This story is the third of three installments on this blog. Each week the story will be continued for your enjoyment!
Meanwhile, Capt. Norris and the children lost their way in the darkness, and after wandering hopelessly in the woods until they were exhausted, they sat down to rest and soon fell asleep, notwithstanding the peril of their situation. When daylight came they got their bearings and found their way to the blockhouse in safety.
The attack of the Indians was over in a few hours and they withdrew, making their way to the northwest over the Vallonia Trail from whence they came. In all, the savages had slaughtered a total of twenty-four persons, three men, five women and sixteen children. Most of the able bodied men were away from the settlement at the time serving in the Militia or the Army, otherwise this story might have had quite a different ending.
The news of the disaster was brought to Charlestown by Jeremiah Payne. It was dusk when, mounted on his horse, he left the blockhouse in Vienna and dawn when he reached the county seat. The first person he sought was Major John McCoy, his brother-in-law, whose duty it was to lead the pursuit of the Indians.
Mounted messengers were immediately dispatched to the various settlements along the East Fork of the White River to guard the fords. The next day at the Sparksville Ford the savages were surprised in their crossing of the river. In the fight that took place several of the Indians were killed, but not a white man was even wounded. The Indians were taken at a disadvantage, the settlers firing upon them as they attempted to cross the river laden with plunder from the cabins of Pigeon Roost. The greater part of the Indians, however, made their escape from the ambuscade.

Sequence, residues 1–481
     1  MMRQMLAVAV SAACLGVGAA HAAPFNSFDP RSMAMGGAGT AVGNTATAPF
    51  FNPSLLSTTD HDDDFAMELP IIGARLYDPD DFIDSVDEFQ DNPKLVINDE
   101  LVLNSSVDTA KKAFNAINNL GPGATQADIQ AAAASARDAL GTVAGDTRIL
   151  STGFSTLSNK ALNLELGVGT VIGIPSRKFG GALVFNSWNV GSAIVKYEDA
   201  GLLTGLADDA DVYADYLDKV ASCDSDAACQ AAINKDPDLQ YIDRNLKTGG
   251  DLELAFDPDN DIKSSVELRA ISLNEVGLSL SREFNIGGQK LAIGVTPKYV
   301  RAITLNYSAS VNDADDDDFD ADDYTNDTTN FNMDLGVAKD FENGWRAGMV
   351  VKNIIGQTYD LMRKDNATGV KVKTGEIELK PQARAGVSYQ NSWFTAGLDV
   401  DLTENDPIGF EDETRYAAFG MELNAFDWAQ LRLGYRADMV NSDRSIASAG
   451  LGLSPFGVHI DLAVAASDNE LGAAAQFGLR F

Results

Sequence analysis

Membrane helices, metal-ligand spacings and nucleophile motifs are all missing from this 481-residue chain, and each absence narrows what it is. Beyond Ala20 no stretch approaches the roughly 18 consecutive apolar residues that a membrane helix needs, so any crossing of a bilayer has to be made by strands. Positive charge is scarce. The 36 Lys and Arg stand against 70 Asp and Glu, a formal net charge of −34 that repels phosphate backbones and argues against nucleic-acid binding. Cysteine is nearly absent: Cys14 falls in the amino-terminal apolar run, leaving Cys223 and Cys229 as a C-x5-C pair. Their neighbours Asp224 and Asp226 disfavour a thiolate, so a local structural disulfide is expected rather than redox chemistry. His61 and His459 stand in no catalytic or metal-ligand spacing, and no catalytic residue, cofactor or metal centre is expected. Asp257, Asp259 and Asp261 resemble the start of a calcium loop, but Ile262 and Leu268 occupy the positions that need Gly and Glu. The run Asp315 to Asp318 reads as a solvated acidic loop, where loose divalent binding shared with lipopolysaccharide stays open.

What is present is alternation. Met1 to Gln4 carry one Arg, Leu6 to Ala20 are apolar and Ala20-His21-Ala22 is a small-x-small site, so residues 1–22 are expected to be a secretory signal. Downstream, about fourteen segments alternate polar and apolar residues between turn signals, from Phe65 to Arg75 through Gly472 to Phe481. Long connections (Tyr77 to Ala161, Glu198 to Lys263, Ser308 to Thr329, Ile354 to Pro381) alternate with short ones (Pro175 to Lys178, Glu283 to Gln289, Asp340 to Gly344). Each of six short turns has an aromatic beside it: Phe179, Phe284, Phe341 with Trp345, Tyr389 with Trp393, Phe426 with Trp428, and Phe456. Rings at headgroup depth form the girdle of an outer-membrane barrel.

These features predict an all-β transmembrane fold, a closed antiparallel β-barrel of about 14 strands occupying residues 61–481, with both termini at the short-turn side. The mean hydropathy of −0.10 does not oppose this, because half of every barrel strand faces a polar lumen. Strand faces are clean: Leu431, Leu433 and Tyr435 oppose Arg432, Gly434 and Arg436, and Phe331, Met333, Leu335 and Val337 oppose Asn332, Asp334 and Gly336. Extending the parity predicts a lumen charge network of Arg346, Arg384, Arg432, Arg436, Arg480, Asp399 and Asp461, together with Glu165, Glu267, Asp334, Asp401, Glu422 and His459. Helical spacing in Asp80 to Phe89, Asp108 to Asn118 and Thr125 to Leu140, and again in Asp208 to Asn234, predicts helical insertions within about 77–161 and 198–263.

In a few hours after Jeremiah Payne’s arrival at Charlestown a large force of 150 mounted riflemen of the Clark County Militia, under the command of Major McCoy, gathered to pursue the Indians. They reached Pigeon Roost before daybreak the following day and followed the track of the Indians about twenty miles along the Vallonia Trail, until they reached the much-swollen Muscatatuck River, at which point they gave up the chase as they could not effect a crossing of the stream in the darkness. The next morning, they turned back to the scene of the tragedy.
A small scouting party of Rangers, from Washington County, under the command of Capt. Henry Dawalt, discovered and made an attack on the retreating Shawnees at Sand Creek. After killing one of the Rangers, John Zink, the Shawnees continued their flight through the woods and eluded the scouting party.
On the fifth of September the Clark County Militia under Col. Robert Robertson was reinforced by 60 mounted volunteers from Jefferson County under the command of Col. William McFarland, of Lexington (then in Jefferson County). On the sixth 350 volunteers from Kentucky, Under Col. Frederick Geiger, were ready to unite with the Indiana Militia for the purpose of making an attack on the Delaware Indians, some of whom were suspected of having engaged in the destruction of the Pigeon Roost settlement. It seems, however, that a spirit of rivalry which prevailed between some of the officers defeated the intentions of those who, at the time, proposed to destroy the towns of the friendly Delaware Indians, who then lived along the West Fork of the White River. Evidence of the innocence and even friendliness of those Indians was not wanting, so they were spared. The Militia gathered together the mangled remains of the victims of the massacre, many of whom were unidentifiable, and buried them all in a huge grave on the crest of a low hill above a spring which still flows today. The site was long marked by a heap of stones and an enormous sassafras tree.